The outcomes of the Arab Spring
The Arab Spring consists of a wave of protests that started in December 2010 in Tunisia followed by other Arab countries. It was positively acclaimed as a social movement demanding an end to human rights violations, government corruption and poverty. However, as Agha and Malley predicted in the New York Book Review, the outcome of these revolutions was contrary to what the original protesters intended:
“The Arab world’s immediate future will very likely unfold in a complex tussle between the army, remnants of old regimes, and the Islamists, all of them with roots, resources, as well as the ability and willpower to shape events. There are many possible outcomes—from restoration of the old order to military takeover, from unruly fragmentation and civil war to creeping Islamization.”
Among other things, the Arab Spring led to the downfall of strongmen in the region. Those strongmen had not built strong state institutions, and their failure led to the state failure and lawlessness. Even in Egypt, one of the oldest states in the world, the state system collapsed following the fall of Hosni Mubarak. And as Christians are the minority in all Arab countries, they became an easy prey for radical Muslims and criminal gangs. Destructions of churches, displacement, kidnapping and assassination of Christians have come at the order of the day.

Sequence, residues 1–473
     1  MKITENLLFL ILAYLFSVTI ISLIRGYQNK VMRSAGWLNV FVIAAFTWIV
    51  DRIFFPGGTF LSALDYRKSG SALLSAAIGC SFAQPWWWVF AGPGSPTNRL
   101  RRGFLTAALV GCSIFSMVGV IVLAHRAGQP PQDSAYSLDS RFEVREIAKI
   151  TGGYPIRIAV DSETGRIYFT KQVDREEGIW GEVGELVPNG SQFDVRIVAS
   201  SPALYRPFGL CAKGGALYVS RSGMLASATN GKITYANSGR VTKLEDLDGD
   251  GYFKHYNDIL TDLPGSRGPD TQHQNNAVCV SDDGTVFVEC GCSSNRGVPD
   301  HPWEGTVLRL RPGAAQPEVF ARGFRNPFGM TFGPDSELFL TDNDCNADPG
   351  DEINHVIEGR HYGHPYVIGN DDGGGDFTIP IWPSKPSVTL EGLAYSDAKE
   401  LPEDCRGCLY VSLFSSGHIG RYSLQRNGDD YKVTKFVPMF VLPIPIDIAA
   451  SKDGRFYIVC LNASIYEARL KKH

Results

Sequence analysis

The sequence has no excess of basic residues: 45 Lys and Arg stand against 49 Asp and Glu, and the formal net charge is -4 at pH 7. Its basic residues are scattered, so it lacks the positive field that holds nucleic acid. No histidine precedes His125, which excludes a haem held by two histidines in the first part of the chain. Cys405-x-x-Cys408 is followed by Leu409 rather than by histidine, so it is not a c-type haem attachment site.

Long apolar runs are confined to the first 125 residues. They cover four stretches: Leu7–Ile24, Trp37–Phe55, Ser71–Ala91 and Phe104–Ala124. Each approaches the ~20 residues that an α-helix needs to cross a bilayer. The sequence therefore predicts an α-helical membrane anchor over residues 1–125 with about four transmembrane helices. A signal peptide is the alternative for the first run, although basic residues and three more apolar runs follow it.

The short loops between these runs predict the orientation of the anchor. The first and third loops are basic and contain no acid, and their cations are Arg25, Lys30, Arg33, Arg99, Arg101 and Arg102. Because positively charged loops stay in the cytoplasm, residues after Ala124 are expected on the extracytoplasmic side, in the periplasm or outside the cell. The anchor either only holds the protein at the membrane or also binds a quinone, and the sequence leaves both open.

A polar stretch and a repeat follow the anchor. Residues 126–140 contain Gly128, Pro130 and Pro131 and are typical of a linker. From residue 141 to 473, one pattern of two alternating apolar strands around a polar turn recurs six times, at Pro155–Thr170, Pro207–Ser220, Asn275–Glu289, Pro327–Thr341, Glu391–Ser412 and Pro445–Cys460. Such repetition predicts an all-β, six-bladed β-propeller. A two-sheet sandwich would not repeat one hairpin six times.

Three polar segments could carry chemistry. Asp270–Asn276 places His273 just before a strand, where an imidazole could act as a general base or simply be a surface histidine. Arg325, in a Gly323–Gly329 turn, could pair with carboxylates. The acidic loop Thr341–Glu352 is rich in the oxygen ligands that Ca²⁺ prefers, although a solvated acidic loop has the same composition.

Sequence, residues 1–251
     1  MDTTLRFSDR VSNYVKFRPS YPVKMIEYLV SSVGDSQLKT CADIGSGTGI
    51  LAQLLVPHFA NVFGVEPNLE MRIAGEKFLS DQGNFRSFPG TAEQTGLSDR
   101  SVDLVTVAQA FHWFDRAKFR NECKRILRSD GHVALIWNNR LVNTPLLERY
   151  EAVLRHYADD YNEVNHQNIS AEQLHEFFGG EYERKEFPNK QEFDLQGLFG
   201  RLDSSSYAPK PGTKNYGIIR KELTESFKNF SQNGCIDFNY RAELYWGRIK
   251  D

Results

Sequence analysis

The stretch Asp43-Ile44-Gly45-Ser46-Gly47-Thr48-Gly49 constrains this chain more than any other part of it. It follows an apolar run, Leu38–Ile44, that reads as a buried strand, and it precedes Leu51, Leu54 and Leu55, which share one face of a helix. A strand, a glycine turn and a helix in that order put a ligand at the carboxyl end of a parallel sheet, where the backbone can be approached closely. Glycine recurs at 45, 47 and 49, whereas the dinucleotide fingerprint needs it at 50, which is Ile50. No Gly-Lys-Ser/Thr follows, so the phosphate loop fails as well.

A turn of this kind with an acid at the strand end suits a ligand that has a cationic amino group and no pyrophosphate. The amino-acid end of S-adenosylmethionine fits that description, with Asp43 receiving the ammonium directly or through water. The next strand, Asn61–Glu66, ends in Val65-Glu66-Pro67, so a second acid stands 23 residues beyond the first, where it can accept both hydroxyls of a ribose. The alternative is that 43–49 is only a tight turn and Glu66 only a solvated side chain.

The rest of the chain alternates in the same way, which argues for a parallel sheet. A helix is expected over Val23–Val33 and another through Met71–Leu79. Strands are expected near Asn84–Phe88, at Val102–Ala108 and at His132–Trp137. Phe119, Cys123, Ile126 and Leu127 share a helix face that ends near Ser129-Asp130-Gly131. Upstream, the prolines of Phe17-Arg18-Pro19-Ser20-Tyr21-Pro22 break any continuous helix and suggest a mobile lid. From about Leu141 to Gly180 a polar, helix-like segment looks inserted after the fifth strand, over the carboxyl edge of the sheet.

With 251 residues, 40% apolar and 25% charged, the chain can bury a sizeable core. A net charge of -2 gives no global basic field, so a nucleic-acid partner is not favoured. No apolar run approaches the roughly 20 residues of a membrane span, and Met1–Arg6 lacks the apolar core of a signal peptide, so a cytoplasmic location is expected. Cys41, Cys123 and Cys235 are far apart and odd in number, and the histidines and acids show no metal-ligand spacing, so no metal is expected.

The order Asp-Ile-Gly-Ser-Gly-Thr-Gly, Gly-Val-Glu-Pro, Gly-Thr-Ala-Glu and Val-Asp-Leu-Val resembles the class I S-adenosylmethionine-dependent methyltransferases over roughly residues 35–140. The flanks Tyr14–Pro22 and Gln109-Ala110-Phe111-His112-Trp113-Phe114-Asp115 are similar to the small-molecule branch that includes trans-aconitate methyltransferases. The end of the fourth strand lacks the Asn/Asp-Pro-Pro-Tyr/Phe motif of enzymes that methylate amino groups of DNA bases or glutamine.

Indeed, the Arab Spring led to the deterioration of the position of Christians whose rights were to a certain extent safeguarded under authoritarian rule. The ousting of despots like Kaddafi (Libya) or Mubarak (Egypt) left a power vacuum that benefited Islamic fundamentalists and criminal gangs. Anti-Christian sentiments increased, and violence against both historical Christian minorities and Muslim Background Believers has increased. Moreover, the empowerment of Islamic groups such as the Muslim Brotherhood in Egypt, the Islamic Salvation Front in Algeria and Salafism has had negative effects on the position of Christians. This was compounded in 2012 by a cycle of protests in different countries under the pretext of opposing an anti-Islam film as a result of which some churches were destroyed.
The outcomes of the Arab Spring have been far from a uniform good for Christians across the Middle East, and differ from country to country. The following four categories of outcomes can be distinguished: